On Reformation Day (October 30, 2016) we begin a yearlong celebration of the Reformation’s 500th anniversary. Throughout the year you will see this theme in various parts of worship. Prayers, scripture, liturgies, and hymns will all reflect our celebration of Martin Luther’s movement to reform the church.
In regard to hymnody, people often expect to be singing traditional German hymns/chorales while celebrating the Reformation. However, the Reformation is not simply a time to celebrate our German heritage. It is also a time to remember our calling to be a church that is always being made new.
Hymns like A Mighty Fortress, Built on a Rock, and The Church’s One Foundation certainly have their place as we celebrate the ideals our church was founded on, but we will spend the year focusing on hymns that reflect the idea of always being made new. Rise, O Church, like Christ Arisen, Canticle of the Turning, and Listen, God is Calling are all examples of this.
Rise, O Church, like Christ Arisen is an anniversary hymn (originally commissioned for the fiftieth anniversary of a Lutheran church in Roseville, MN) that reminds us of our place in the world. It is based on a lecture of Michael Joncas in which he said, “God invited us here (to the Eucharistic meal); who are we, not to become merciful?”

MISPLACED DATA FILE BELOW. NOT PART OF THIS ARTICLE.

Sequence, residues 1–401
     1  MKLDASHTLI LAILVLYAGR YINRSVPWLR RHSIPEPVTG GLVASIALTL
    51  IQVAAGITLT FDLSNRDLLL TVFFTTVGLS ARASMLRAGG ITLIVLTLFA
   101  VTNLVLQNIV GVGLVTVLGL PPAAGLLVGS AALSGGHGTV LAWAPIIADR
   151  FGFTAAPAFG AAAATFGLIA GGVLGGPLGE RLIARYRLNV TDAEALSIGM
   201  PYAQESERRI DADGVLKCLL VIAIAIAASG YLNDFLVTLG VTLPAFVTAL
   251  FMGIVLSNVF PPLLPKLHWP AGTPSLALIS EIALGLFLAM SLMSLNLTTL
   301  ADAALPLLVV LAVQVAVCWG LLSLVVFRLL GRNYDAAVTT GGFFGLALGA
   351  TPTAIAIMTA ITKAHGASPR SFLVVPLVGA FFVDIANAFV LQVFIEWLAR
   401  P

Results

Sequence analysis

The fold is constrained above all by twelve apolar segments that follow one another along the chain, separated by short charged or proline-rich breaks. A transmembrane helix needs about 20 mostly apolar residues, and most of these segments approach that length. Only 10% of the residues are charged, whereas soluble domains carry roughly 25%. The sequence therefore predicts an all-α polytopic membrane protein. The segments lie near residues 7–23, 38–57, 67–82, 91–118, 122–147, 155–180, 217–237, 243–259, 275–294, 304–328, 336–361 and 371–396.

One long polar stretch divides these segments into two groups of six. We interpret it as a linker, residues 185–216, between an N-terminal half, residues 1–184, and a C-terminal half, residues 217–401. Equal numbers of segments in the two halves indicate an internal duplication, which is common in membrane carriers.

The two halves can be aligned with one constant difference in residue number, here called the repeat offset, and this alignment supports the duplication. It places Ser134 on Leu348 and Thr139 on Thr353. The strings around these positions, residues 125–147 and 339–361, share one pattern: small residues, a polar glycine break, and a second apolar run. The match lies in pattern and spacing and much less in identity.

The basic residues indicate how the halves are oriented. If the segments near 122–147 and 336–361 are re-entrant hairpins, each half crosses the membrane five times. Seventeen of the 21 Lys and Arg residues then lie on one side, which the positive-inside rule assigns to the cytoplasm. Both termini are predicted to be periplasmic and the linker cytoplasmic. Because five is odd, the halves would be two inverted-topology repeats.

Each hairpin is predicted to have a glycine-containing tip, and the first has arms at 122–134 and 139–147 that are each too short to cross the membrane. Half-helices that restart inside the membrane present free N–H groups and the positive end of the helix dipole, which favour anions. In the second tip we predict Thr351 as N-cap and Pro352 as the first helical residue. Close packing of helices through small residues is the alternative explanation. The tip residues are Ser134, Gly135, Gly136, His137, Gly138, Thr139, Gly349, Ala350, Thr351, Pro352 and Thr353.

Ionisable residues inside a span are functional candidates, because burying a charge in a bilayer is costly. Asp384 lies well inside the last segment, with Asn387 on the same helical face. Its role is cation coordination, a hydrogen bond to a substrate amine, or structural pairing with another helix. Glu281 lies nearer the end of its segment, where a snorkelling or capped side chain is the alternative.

Rise, O Church, like Christ Arisen is packed with an abundance wonderful imagery of the church’s place in today’s society. I particularly love the language used in stanza four. Each phrase is beautiful on its own. Service be our sure vocation (let us remember that our mission is work in service of others, bringing God’s kingdom here to earth). Courage be our daily breath (remember each morning to pray to God and continue in service knowing that He has your back). Mercy be our destination (be kind to the lowliest of God’s children for theirs is the kingdom of heaven). Alleluia, alleluia, rise, O church, a living faith (Go forward in His name and live out the gospel).
Rise, O church, like Christ arisen,
from this meal of love and grace;
may we through such love envision
whose we are, and whose, our praise.
God, the wonder of our days.
Throughout our yearlong celebration of the Reformation we will also be including inserts in the bulletin from time to time that discuss various concepts of the Reformation and how we apply it today our lives today. Our Lutheran heritage is a wonderful foundation for our faith and worthy to be celebrated! I hope you enjoy the 500th anniversary celebration of the Reformation and are able to apply it to your faith today as we strive to be a church that is always being made new.
Soli Deo Gloria,
Jeremy Shoop, Director of Music Ministries